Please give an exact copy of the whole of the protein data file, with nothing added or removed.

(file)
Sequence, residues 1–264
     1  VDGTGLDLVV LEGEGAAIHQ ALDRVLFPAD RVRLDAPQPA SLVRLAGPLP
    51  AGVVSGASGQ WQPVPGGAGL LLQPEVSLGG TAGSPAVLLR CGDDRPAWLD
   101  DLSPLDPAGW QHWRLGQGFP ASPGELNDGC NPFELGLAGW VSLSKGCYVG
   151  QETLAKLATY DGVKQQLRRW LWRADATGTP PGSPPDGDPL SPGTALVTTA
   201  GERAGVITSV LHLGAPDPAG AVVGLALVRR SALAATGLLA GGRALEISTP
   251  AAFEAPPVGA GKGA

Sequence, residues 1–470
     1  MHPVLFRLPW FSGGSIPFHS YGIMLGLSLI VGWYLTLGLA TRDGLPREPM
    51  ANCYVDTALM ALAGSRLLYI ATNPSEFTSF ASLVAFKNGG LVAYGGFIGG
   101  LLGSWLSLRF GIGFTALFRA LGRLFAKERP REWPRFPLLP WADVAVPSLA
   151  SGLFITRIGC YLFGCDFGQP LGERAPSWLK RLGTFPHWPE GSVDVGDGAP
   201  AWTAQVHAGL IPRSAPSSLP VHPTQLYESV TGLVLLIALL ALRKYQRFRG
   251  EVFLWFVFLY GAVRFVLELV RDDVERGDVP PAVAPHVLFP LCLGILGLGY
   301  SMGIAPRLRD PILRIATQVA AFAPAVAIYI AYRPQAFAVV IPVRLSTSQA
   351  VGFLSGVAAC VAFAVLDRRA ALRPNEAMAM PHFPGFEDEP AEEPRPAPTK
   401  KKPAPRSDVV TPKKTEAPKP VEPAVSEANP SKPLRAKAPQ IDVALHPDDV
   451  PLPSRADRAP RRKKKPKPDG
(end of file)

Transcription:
Sequence, residues 1–264
     1  VDGTGLDLVV LEGEGAAIHQ ALDRVLFPAD RVRLDAPQPA SLVRLAGPLP
    51  AGVVSGASGQ WQPVPGGAGL LLQPEVSLGG TAGSPAVLLR CGDDRPAWLD
   101  DLSPLDPAGW QHWRLGQGFP ASPGELNDGC NPFELGLAGW VSLSKGCYVG
   151  QETLAKLATY DGVKQQLRRW LWRADATGTP PGSPPDGDPL SPGTALVTTA
   201  GERAGVITSV LHLGAPDPAG AVVGLALVRR SALAATGLLA GGRALEISTP
   251  AAFEAPPVGA GKGA

Sequence, residues 1–470
     1  MHPVLFRLPW FSGGSIPFHS YGIMLGLSLI VGWYLTLGLA TRDGLPREPM
    51  ANCYVDTALM ALAGSRLLYI ATNPSEFTSF ASLVAFKNGG LVAYGGFIGG
   101  LLGSWLSLRF GIGFTALFRA LGRLFAKERP REWPRFPLLP WADVAVPSLA
   151  SGLFITRIGC YLFGCDFGQP LGERAPSWLK RLGTFPHWPE GSVDVGDGAP
   201  AWTAQVHAGL IPRSAPSSLP VHPTQLYESV TGLVLLIALL ALRKYQRFRG
   251  EVFLWFVFLY GAVRFVLELV RDDVERGDVP PAVAPHVLFP LCLGILGLGY
   301  SMGIAPRLRD PILRIATQVA AFAPAVAIYI AYRPQAFAVV IPVRLSTSQA
   351  VGFLSGVAAC VAFAVLDRRA ALRPNEAMAM PHFPGFEDEP AEEPRPAPTK
   401  KKPAPRSDVV TPKKTEAPKP VEPAVSEANP SKPLRAKAPQ IDVALHPDDV
   451  PLPSRADRAP RRKKKPKPDG